Fall 2019 Colloquium Series - 25 October
Elinor Mason, University of Edinburgh :: Apology as Taking the Blame
Friday,October 25 2019
Abstract: There are many different accounts of apology, but there seems to wide agreement that an admission of culpability is a necessary component of a sincere genuine apology. We sometimes apologize for harms that are not clearly under our control, and in such cases we cannot admit culpability. Thus on the standard account, this sort of apology cannot be a genuine apology.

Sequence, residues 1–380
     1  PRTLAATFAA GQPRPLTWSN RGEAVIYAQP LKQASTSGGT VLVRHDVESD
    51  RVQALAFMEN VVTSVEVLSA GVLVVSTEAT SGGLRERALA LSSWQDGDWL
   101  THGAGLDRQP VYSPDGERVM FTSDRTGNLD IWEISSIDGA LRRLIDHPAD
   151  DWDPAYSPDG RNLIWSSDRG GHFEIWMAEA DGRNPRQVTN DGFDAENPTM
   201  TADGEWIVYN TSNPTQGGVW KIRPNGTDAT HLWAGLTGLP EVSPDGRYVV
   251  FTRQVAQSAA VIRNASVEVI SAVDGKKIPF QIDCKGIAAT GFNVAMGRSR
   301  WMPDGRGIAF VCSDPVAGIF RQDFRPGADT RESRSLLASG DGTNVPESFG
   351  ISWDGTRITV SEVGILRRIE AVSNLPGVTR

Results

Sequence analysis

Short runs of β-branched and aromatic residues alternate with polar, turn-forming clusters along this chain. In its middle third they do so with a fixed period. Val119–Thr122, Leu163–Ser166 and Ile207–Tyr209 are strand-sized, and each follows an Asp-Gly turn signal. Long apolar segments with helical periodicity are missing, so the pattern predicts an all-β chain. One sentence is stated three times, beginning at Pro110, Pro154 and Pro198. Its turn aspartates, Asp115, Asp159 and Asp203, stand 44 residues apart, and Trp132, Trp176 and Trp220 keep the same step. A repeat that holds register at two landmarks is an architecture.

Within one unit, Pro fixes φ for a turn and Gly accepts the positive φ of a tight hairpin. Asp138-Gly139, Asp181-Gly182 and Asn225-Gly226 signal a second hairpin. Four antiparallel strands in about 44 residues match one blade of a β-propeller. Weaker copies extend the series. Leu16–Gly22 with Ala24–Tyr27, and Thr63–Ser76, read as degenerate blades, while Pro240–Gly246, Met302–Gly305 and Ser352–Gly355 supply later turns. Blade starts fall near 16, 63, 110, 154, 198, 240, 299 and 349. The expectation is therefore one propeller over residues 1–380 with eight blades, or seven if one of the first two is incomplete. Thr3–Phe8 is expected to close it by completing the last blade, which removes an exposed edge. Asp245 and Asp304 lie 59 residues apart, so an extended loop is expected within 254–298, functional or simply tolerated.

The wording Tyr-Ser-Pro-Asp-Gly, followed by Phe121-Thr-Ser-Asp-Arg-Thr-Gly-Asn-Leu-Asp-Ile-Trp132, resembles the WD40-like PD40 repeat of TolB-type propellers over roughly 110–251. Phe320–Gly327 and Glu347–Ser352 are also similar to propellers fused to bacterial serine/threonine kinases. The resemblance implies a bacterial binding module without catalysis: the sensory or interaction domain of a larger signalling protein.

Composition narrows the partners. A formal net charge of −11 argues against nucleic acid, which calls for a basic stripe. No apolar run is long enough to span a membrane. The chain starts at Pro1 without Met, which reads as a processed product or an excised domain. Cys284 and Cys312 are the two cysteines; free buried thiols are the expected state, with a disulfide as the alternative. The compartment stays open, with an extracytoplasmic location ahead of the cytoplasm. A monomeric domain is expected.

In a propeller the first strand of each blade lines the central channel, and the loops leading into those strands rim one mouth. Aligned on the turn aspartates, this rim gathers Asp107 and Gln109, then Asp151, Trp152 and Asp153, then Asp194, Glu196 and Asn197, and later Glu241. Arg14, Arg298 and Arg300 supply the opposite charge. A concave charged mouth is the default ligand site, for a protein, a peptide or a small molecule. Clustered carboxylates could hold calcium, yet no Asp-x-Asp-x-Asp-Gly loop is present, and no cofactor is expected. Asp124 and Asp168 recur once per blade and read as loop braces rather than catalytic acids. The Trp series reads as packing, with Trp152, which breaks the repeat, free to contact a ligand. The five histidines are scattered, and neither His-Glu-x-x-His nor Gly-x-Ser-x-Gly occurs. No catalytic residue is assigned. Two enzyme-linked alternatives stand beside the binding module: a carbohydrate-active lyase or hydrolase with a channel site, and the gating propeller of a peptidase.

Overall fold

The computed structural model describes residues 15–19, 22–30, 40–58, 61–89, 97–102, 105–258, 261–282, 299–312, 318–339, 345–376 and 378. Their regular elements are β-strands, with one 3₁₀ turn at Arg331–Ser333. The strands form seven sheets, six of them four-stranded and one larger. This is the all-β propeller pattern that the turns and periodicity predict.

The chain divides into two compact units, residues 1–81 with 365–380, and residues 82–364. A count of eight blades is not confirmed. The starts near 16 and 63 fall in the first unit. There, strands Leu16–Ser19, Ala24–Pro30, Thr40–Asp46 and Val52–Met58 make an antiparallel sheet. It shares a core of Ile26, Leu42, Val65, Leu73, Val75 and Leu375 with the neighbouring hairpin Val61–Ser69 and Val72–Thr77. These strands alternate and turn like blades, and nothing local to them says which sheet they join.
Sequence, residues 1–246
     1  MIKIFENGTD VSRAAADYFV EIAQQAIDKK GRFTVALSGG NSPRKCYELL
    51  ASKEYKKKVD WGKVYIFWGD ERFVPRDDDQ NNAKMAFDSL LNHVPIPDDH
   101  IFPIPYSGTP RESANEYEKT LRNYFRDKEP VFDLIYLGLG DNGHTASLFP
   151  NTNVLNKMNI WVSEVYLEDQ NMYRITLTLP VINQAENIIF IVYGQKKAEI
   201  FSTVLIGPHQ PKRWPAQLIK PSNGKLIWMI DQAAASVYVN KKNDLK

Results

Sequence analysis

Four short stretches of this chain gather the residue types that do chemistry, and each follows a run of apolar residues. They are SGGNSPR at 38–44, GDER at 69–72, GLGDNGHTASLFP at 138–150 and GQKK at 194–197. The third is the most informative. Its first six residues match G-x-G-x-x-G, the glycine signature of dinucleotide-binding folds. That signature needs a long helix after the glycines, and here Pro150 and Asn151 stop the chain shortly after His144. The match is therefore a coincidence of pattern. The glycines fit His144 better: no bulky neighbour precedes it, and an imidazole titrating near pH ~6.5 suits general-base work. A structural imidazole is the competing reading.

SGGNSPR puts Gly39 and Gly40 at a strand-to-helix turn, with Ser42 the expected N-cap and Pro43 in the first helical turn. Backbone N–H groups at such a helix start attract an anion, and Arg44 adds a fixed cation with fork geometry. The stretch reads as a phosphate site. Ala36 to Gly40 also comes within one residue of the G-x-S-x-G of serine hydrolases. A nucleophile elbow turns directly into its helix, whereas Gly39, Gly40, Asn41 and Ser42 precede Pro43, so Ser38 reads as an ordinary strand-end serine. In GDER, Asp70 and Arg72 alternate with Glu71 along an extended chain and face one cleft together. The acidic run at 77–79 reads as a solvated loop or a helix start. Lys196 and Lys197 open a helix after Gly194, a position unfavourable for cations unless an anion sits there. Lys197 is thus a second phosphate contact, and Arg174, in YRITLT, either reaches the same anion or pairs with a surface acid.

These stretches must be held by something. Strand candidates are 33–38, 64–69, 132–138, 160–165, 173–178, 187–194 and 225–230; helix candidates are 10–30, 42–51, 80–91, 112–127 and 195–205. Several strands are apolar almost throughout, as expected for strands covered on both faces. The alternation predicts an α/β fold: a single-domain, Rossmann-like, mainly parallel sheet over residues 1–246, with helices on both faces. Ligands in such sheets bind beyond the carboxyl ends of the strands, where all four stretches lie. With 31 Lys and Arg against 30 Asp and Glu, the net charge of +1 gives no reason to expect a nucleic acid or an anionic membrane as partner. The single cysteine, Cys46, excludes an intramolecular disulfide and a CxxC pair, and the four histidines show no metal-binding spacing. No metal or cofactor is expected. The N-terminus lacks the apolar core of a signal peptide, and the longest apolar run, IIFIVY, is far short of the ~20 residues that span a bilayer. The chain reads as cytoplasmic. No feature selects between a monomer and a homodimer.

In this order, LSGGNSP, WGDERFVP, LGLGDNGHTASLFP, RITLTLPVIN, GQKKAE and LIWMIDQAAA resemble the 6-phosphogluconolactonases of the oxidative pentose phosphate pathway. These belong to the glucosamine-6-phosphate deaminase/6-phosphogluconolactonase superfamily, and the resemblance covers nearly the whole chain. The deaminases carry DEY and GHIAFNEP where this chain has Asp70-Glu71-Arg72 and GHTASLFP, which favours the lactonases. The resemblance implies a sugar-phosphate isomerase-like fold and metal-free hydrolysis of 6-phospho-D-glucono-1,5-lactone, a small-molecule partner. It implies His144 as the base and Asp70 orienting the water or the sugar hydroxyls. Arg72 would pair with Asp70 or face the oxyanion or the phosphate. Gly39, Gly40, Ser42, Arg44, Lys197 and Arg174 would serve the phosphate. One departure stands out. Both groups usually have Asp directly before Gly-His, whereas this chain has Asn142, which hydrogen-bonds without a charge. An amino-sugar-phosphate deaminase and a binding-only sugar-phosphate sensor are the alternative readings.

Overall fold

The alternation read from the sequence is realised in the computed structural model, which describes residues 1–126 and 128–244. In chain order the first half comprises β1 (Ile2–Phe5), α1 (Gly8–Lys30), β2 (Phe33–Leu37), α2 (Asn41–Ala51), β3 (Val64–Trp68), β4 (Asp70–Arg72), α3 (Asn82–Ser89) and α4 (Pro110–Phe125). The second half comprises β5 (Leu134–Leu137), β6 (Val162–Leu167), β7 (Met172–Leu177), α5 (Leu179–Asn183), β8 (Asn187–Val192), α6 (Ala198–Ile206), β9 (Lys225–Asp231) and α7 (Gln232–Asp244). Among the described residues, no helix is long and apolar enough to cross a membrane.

I make a distinction between genuine apologies and pro forma apologies. Pro forma apologies are part of our politeness norms. They are a way of acknowledging harm, but do not acknowledge responsibility at all, and are compatible with excuses and justifications. By contrast, genuine apologies are not compatible with excuses or justifications. This is why it may seem as though admission of culpability is a necessary condition for a genuine apology, and apologies for things that are out of our control must be pro forma apologies. I deny this: I argue for a unified account of genuine apologies, according to which a genuine apology is an offer to accept blame. Blame can be articulate, involving a judgment about culpability, or inarticulate, in that it is emotional, and points to another agent, but does not commit the blamer to a judgment of culpability. Thus accepting blame can make sense even without admitting culpability.